Stöð 2. Part of 365 Media Corp. [see above]. Their newsroom covers the basic issues and leans towards sensationalism. News programs have been dumbed-down in the last few years, they got rid of an excellent investigative programme [see above], and now do bland semi-human-interest stuff.


RÚV. They broadcast on two stations, RÚV 1 and 2. Their newsroom works in conjunction with the TV newsroom to produce news. They have a good news analysis programme called Spegillinn that runs on both RÚV stations at 6.15 pm every weekday. Apart from that, they have lots of good programming on all sorts of issues, both talk radio and radio shows, available as podcasts here. You can also listen to [and watch] RÚV online.

365. They have a bunch of radio stations, from their flagship Bylgjan to golden-oldie type of stuff, but none of it is at all interesting in my opinion, save for perhaps one show called Harmageddon that runs weekdays in the afternoon, and presents topical stuff to a young-ish audience.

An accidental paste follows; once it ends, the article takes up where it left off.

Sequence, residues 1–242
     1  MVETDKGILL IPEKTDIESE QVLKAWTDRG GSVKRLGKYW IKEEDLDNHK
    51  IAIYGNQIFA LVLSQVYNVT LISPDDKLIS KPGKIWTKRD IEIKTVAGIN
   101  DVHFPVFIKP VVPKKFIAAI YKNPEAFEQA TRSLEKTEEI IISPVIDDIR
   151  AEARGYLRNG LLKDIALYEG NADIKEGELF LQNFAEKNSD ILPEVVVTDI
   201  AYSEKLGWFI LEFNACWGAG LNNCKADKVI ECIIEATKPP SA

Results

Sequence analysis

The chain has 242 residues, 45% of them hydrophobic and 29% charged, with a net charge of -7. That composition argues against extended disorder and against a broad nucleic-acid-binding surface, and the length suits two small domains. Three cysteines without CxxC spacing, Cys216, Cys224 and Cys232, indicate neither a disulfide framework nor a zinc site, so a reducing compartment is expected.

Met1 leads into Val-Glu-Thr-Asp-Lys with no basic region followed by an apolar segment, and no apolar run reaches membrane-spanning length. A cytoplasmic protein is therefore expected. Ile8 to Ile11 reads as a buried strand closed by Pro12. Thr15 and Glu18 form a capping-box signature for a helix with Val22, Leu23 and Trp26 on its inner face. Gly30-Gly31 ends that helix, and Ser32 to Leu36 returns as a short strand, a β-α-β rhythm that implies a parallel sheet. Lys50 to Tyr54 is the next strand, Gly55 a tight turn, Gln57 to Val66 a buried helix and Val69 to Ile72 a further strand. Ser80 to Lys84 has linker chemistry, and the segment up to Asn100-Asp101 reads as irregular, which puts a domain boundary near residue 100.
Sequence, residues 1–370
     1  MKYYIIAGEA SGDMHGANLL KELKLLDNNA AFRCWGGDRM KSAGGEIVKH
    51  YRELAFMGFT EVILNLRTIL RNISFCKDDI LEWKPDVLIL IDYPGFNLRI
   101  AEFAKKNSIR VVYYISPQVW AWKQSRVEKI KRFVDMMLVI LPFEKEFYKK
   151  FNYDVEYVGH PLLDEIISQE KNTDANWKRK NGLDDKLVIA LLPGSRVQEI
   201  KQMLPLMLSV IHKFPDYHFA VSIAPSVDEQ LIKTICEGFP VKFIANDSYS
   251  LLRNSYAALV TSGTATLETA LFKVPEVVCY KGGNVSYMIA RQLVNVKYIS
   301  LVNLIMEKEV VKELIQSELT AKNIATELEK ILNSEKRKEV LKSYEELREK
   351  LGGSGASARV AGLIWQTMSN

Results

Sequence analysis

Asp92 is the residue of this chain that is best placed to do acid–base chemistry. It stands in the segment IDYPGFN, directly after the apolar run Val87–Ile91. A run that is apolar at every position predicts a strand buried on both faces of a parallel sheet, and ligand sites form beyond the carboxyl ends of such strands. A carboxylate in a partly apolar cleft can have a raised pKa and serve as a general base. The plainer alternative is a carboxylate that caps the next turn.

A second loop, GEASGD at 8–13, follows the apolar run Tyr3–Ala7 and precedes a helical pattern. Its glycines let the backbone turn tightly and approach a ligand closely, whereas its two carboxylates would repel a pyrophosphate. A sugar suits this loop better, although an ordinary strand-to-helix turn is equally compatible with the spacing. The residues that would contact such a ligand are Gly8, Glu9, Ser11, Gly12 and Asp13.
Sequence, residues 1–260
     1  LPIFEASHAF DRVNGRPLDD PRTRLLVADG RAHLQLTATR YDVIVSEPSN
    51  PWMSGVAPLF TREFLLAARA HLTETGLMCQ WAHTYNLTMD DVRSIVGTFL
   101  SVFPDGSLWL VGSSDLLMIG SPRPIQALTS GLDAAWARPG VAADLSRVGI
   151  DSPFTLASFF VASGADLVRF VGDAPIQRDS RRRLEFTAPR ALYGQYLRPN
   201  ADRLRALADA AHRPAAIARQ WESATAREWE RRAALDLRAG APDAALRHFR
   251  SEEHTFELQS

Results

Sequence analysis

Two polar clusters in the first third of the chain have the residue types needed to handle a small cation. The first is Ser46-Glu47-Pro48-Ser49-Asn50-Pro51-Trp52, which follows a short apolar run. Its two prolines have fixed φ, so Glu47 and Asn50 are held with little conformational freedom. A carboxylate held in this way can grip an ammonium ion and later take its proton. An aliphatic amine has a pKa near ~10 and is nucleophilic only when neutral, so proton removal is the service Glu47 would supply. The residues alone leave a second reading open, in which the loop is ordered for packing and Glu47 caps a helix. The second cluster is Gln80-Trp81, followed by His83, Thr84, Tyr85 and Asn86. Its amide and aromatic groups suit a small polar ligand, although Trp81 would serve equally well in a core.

As for what media I follow, I usually make an online round of ruv.is, visir.is and dv.is – in that order – a couple times a day. I usually have the evening news turned on while I’m making dinner, and then always RÚV, although I’ll listen to/watch the Channel 2 news if I’m running a bit ahead of schedule [their news airs half an hour before the RÚV TV news]. And I tend to flip through Fréttablaðið while I’m eating breakfast, simply because it’s there. All this said, possibly my best source for topical stories is Facebook – my news feed usually gives me the best that is being written on any particular topic, plus people’s commentary on it.

I know I’ve probably left out some media that others like – there are regional papers, for example, and a few online sites that I haven’t mentioned, like Eyjan and Pressan [also under dubious ownership]. I’d love your input, so if anyone wants to discuss or add anything, please visit our Facebook page and add your comments.

[photo nicked here.]